When it comes to the teen movie genre, I grew up on standard John Hughes fare, with some Fast Times at Ridgemont High and Little Darlings thrown in. I still hold a movie like Some Kind of Wonderful to be a pretty good teen movie, but I also love Heathers, Clueless and Bring It On -- movies that, by turns sweet and sardonic, don't play the teen genre totally straight. Kevin Maher in The Times argues that teen movies of late have lost their innocence, mostly for the better: "The prom night party and pivotal attempt to snag Mr or Mrs Right have been overtaken by casual sexual humiliation and an inquisitive desire to make philosophical sense of universal chaos. Comedy is out. Honesty is in." Citing darker movies like Mean Creek and Donnie Darko, he sees the teen genre as dealing with coming of age or social alienation in more serious, emotionally honest ways in this post 9/11 and Columbine world.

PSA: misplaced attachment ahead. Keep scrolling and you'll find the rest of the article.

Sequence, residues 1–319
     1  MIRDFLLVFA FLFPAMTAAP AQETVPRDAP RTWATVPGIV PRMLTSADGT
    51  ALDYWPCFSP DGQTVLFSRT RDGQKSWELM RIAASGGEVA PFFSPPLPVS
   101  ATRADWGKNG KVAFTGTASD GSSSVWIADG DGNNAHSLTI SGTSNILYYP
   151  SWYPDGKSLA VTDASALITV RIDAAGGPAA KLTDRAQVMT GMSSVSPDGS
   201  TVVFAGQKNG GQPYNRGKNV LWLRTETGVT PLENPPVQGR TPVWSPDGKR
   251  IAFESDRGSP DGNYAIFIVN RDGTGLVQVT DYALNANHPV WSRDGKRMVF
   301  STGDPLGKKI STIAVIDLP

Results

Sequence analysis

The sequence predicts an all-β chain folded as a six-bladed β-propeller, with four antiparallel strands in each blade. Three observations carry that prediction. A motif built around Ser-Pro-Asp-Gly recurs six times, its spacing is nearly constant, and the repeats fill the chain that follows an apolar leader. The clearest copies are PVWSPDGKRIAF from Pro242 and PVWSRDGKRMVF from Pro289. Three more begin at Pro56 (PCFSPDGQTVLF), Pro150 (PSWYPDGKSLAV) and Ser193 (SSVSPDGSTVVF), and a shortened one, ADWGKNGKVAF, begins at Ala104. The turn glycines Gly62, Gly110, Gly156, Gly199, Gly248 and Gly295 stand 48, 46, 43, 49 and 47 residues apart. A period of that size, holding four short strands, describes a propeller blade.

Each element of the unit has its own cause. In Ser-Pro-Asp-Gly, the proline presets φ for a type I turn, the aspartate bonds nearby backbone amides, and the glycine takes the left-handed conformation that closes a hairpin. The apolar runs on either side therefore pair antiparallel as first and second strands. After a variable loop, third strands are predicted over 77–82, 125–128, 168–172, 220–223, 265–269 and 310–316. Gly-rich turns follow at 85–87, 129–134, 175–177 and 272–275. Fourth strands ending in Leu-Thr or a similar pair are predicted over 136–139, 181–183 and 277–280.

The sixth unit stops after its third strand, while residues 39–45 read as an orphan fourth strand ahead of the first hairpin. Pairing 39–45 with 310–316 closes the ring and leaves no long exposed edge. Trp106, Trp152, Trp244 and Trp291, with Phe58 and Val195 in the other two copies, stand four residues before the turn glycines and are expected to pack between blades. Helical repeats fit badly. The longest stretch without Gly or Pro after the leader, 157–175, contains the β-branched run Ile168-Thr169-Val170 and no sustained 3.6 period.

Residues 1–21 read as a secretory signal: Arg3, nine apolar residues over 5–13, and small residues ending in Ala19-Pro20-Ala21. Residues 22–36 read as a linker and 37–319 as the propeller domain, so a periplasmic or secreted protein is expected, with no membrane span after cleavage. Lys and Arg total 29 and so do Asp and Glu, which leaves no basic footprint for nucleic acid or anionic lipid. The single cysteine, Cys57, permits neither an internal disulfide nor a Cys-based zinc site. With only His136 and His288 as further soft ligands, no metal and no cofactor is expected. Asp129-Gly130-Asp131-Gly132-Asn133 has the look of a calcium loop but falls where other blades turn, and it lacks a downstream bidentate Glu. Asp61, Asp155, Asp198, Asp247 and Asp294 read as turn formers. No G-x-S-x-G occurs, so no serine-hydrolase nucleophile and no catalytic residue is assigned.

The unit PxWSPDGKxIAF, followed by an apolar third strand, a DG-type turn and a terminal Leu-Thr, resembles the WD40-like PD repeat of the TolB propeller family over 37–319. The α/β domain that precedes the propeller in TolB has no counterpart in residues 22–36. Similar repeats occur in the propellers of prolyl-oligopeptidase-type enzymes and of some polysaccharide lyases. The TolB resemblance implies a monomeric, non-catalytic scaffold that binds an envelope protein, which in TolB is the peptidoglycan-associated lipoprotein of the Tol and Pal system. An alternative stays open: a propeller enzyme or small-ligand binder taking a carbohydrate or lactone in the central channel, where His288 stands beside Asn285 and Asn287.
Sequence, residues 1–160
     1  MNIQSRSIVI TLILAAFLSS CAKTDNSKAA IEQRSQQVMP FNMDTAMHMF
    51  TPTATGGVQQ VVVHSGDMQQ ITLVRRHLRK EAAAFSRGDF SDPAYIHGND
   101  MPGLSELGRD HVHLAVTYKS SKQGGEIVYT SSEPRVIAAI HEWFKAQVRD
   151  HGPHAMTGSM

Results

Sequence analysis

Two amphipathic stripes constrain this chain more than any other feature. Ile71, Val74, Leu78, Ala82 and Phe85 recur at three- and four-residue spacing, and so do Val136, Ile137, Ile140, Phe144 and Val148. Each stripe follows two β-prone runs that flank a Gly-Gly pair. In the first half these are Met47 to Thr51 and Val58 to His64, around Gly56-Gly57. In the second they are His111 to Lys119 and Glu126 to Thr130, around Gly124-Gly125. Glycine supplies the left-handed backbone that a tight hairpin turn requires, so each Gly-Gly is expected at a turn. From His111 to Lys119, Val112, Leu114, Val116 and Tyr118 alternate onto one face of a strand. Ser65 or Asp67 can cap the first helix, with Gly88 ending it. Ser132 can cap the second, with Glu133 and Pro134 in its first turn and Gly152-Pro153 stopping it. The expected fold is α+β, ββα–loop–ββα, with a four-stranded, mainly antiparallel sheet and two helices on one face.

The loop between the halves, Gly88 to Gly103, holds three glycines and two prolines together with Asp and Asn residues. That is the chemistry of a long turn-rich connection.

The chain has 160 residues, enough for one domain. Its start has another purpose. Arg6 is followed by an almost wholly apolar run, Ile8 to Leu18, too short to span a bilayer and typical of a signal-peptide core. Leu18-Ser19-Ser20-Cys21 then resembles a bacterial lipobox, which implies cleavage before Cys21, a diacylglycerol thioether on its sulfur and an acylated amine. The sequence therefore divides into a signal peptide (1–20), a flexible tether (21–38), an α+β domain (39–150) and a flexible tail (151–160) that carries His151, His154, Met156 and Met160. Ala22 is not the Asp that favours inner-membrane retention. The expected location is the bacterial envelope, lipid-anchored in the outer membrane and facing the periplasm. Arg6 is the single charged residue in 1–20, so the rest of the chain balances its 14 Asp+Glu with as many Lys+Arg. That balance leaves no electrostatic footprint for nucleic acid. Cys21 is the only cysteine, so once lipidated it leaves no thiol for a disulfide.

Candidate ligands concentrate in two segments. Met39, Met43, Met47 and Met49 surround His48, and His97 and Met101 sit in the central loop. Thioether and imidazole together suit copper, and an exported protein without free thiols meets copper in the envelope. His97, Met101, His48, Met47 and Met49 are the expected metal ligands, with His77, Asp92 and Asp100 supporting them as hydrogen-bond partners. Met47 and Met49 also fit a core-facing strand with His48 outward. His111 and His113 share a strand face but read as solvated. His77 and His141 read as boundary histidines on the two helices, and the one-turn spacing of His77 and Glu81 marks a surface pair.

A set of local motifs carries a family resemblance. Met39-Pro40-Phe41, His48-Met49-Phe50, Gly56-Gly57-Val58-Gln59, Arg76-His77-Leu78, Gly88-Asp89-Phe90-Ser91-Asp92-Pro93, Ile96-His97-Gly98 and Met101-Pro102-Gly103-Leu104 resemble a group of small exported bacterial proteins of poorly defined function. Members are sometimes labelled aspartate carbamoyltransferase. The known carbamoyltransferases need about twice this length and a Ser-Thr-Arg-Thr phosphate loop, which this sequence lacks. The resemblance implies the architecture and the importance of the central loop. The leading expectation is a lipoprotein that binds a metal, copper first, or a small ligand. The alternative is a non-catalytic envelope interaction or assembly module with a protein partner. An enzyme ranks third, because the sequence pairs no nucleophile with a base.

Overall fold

Though I take his point about the distance between "teen media image and teen reality," I think he overstates the "murderous, antisocial and apocalyptic urges that [swirl] around the modern teen experience" a little; I found as much rage and alienation simmering in Heathers and Little Darlings (yes, even the latter), it's just the tone and teen patois that are so markedly different. Maher celebrates the "birth of the tougher adolescent epic" but I find some of these supposedly darker movies sometimes take themselves too seriously when it comes to the numbing facts of life that surround most teenagers. Some of the best, most honest dramatizations of adolescent life in my view, have actually been on television: Buffy the Vampire Slayer, Freaks and Geeks and My So-Called Life (all of which have ended, sadly). These shows disclosed plenty of the darkness, frustration and humiliation that comes with growing up in a difficult world, but they never lost their wit and sense of perspective in the process.
categories Movies, Cinematical